UON Sector Update

Keeping UON staff informed on the latest sector news and developments.

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Monday 14 April 2014

The long-awaited report of the review commissioned by the government into the demand-driven system has recommended that undergraduate university places will remain uncapped, with a broadening of the system further to include sub-bachelor (enabling and diploma) places as well as private and TAFE providers who offer bachelor-level programs and diploma programs. Other key recommendations from the report, authored by former education minister The Hon David Kemp and Grattan Institute director Andrew Norton, include a removal of the higher education attainment targets established by the previous government, a tightening of Commonwealth-supported postgraduate places to disciplines where there are clear community benefits and “modest” financial rewards, and the imposition of a flat 10% loan fee on all HELP (HECS) loans to support the cost of the system. Education Minister Christopher Pyne has not yet commented on the report, which is widely expected to be addressed in the Commission of Audit and the May budget. Against this backdrop of looming cuts, universities have generally welcomed the central principles of the report with relief, although the Australian Technology Network of universities has warned against incentivising for-profit entities to expand their student load and highlighted that Commonwealth per-student funding must not be diluted by any expansion of the system. Labor and the Greens have joined with student groups and university staff unions to express concern at the recommendation to impose a loan fee, with the NTEU criticising the report’s “blind faith in a market solution” and its shifting of the burden of increasing costs onto students. The report also flagged a potential review of the provider category standards for higher education providers, opening the door for teaching-only universities and the segregation of research and teaching funds into separate streams – a move that would significantly benefit the older research intensive universities such as the Group of Eight.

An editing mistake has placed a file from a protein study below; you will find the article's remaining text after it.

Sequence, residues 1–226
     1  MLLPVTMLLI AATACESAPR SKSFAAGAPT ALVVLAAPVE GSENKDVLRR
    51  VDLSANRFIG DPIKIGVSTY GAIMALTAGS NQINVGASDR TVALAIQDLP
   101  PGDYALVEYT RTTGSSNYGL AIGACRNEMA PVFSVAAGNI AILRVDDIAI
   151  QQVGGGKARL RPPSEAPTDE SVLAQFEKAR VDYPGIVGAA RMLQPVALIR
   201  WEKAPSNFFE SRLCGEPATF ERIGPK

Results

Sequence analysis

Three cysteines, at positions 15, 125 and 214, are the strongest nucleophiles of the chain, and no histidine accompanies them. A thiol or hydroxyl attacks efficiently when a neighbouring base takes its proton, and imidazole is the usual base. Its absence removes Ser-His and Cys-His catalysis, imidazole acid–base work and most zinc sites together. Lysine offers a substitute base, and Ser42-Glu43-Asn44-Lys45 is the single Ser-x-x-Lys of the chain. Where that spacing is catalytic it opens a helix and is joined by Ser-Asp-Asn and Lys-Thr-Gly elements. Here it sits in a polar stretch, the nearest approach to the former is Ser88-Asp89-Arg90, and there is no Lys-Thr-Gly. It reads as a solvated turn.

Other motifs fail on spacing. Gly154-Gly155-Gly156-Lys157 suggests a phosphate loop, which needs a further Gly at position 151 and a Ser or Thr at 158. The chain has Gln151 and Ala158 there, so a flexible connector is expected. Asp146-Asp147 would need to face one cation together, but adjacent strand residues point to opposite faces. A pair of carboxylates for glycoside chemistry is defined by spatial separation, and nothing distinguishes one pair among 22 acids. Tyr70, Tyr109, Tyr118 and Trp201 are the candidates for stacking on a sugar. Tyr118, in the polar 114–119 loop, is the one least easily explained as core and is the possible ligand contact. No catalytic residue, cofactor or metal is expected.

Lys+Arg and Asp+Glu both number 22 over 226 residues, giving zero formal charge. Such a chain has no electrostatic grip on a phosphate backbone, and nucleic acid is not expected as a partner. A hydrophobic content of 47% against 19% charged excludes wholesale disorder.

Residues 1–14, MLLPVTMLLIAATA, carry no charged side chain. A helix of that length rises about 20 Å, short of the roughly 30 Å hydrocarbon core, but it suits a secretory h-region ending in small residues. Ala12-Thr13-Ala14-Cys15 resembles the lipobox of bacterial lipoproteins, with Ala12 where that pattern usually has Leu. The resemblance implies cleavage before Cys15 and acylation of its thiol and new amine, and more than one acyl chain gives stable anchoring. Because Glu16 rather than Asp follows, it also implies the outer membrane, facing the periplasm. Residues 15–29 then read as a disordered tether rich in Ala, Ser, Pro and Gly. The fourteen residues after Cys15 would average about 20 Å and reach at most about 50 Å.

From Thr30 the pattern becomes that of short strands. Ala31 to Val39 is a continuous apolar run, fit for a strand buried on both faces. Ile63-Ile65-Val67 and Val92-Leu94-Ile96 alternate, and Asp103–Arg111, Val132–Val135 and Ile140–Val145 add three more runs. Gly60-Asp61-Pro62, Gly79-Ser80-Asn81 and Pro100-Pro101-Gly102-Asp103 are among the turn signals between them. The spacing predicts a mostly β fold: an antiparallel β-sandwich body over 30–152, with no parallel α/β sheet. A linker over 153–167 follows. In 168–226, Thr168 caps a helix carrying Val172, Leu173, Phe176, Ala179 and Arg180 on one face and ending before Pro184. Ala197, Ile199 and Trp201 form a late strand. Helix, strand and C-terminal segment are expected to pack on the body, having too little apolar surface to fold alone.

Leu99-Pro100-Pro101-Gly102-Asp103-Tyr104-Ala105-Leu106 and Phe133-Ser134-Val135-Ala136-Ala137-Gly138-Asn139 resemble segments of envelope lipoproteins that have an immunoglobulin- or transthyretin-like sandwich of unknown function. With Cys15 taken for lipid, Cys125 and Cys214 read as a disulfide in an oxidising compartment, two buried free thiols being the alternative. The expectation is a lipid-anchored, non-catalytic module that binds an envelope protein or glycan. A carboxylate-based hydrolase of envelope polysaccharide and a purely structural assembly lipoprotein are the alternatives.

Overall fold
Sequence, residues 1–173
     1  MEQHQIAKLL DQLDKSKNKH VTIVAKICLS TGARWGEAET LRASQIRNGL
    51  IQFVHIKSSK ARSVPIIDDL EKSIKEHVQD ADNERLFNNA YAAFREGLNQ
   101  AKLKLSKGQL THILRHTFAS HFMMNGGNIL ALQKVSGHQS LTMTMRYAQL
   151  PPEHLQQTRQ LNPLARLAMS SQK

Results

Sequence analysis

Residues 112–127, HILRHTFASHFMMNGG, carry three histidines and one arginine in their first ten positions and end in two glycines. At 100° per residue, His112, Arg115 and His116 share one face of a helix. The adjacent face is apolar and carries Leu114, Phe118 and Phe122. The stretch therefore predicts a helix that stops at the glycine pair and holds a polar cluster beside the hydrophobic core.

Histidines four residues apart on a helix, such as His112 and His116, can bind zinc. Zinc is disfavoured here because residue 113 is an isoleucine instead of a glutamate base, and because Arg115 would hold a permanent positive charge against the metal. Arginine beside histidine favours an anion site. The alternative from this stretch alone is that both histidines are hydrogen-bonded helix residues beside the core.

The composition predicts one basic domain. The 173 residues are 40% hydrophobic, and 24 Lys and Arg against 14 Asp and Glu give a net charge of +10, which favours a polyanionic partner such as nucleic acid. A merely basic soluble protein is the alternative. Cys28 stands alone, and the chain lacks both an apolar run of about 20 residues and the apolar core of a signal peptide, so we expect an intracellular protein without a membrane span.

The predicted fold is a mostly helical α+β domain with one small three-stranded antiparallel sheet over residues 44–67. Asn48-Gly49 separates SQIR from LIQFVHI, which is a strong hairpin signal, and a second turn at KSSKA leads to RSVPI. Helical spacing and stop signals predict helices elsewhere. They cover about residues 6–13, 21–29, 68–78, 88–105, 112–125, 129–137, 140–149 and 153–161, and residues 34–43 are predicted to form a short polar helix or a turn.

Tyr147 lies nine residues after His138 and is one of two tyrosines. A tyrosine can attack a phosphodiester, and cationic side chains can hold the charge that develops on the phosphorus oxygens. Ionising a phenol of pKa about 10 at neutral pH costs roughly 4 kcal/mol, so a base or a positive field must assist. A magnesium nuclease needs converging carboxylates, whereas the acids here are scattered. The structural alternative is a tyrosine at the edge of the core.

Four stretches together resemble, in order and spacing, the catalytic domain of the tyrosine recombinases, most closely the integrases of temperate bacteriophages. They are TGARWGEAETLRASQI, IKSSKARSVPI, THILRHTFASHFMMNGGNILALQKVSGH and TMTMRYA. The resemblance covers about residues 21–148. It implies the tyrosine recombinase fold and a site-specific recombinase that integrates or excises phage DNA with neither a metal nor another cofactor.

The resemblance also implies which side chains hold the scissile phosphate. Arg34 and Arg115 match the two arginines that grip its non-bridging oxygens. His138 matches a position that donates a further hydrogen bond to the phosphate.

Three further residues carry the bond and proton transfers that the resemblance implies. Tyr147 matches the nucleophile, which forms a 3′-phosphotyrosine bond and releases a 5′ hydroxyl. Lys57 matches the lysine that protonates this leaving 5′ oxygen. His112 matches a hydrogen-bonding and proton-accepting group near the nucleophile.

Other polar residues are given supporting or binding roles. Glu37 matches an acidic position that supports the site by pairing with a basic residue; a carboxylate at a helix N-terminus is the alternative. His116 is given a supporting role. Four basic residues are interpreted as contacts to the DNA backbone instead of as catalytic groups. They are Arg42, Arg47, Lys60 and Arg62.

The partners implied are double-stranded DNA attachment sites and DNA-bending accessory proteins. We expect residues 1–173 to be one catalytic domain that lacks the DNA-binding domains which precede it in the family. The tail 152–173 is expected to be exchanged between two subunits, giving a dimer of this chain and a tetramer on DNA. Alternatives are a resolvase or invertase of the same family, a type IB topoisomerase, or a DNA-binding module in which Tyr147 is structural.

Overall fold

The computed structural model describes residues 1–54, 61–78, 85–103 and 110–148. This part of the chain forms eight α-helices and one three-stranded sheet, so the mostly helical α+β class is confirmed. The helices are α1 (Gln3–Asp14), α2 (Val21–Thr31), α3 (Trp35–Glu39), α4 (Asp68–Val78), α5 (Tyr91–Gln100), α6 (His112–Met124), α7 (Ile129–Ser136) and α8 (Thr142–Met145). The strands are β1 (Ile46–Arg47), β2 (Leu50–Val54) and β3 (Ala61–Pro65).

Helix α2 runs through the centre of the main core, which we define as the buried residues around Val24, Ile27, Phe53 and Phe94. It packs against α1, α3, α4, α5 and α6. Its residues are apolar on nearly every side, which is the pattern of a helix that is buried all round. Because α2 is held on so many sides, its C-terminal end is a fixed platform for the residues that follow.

More here, including a link to the report:

In other funding news, the chair of the federal government’s Education Investment Fund (EIF), Philip Clark, has called on the government to use the EIF fund to match philanthropic gifts to universities from private donors, suggesting this could lift philanthropy in the sector to a “sustainable $1 billion a year” and encourage donations to universities that did not currently have much philanthropic income, such as Newcastle, Macquarie, Wollongong and the ATN institutions. Arguing for a similar scheme to those run successfully by governments in Singapore and Hong Kong, Mr Clark has argued for the appointment of a group of ‘philanthropy champions’. Relatedly, poker machine billionaire Len Ainsworth has donated a large gift, believed to be around $10 million, to support a new engineering building at UNSW.

More here:

Last week’s trade and diplomacy mission to China and Japan by the Prime Minister and senior Cabinet figures has delivered number of significant benefits for universities, including the renewal of funding for the Australia-China Science and Research Fund and the extension of the New Colombo Plan student mobility scheme to include China. A new free trade agreement with Japan will also give Australian universities and TAFES equal treatment to Japanese providers, with talks underway about mutual recognition of Japanese and Aus­tralian qualifications. The Australian Technology Network has also announced an Australian-first deal with prestigious Chinese institution Shanghai Jiao Tong University to offer jointly branded and industry-focused PhD programs, with a focus on mathematics and statistics.

More here: